Tomorrow is election day. Get yourself to a polling booth.
In Washington, the buzz right now is that Democrats will win a slight majority in the House and fall slightly short of a majority in the Senate.
I don’t have a crystal ball, but whatever the outcome, it now looks possible that a number of freshmen in next year’s Congress will have been elected, in part, on a platform of energy independence/alternative energy. Of course, elevating a political issue and solving a problem are different matters. There are many ways to imagine best intentions turning into pork-laden boondoggles (read: more ethanol subsidies). But first you have to get people to pay attention — and to believe a different future is possible. That seems to be happening this election cycle.
Energy-themed ads are ubiquitous in the Rocky Mountains, the Pacific Northwest, the Deep South. “What if the next big oil field … was a soybean field here in Tennessee?” Harold Ford asks, gesturing to an open field. “For too long, all the tax breaks have gone to Big Oil, when this is our ticket to energy freedom.”
Even candidates who don’t need to run ads are running energy ads. Hillary Clinton, a Senate shoo-in, is buying airtime to pitch energy. So is Kinky Friedman, hardly favored to become Texas’ next governor:
In Michigan, where suggesting Detroit budge has long been taboo, viewers are watching Jennifer Granholm make this pitch for reelection:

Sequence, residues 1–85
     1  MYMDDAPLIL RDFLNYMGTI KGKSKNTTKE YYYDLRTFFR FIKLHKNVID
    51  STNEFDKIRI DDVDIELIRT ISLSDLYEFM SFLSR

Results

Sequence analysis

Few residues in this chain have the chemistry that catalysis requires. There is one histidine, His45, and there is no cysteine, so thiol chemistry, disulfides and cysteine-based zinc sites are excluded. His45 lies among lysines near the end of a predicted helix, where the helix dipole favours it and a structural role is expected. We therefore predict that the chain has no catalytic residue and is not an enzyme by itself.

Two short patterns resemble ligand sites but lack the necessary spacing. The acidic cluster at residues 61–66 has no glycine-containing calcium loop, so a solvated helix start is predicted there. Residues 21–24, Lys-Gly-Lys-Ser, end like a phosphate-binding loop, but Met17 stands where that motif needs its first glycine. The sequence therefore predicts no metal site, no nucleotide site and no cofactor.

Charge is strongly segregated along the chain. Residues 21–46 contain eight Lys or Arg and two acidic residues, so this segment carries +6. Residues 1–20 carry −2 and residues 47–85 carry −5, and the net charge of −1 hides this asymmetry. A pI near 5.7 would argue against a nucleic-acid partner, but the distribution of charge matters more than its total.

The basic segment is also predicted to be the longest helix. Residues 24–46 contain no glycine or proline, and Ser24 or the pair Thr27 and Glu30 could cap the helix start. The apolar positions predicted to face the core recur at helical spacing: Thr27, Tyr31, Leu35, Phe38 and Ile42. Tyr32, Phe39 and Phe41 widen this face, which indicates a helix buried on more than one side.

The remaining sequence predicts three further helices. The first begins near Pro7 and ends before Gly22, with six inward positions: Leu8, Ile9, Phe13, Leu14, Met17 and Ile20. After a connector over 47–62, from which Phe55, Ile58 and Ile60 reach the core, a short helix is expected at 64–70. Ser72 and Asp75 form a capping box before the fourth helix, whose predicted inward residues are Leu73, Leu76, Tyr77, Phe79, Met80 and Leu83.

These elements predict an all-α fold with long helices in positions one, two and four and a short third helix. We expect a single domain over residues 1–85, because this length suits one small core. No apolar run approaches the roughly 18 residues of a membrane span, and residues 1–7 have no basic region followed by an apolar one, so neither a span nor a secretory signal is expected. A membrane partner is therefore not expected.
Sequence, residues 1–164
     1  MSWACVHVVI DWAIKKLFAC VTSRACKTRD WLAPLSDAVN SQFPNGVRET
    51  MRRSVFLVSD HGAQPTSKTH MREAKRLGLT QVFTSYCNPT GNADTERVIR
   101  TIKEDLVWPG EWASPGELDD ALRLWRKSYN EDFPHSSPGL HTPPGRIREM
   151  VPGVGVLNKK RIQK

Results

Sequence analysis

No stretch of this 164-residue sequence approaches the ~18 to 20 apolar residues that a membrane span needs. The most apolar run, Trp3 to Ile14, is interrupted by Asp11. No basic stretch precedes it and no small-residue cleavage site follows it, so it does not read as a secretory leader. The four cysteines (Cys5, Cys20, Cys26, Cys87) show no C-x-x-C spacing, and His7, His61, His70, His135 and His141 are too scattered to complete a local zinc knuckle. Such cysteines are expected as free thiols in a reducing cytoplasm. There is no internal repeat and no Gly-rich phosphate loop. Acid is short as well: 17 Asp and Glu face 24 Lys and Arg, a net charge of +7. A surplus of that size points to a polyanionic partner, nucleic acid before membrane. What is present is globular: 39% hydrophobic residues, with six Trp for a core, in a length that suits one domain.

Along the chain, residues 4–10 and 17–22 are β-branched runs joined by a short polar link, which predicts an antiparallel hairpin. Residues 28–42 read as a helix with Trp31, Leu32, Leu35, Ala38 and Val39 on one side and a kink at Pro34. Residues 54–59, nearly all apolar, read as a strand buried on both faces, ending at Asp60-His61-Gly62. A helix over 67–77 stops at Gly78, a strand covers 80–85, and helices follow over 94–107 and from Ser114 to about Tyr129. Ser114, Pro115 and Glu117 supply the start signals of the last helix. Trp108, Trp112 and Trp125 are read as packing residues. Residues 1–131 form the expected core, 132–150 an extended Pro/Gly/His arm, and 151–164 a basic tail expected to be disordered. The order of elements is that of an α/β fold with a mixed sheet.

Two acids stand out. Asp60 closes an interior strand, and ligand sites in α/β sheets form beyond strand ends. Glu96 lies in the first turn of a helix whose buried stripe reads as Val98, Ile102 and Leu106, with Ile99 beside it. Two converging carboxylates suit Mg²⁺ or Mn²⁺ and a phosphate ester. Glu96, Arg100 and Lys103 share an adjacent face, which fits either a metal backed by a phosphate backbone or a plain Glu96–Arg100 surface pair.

“Michigan put America on wheels, and today Jennifer Granholm is leading the way for Michigan to be the state that makes those wheels run on alternative fuels.”
How will voters react? According to a poll by Democracy Corps, James Carville’s and Stan Greenberg’s policy shop, voters’ top national security concern [PDF] is “reducing dependence on foreign oil,” which tops Iraq by 17 points, and fighting terrorism by 16 points. (Personally, I’m dubious that energy independence trumps Iraq, but clearly both are important, and related.)
“In the past, it’s been a real frustration to get enough candidates to talk about what we want to talk about,” says Gene Karpinski, president of the League of Conservation Voters, when I dropped by his Washington offices on Friday. “But this year, it’s different.”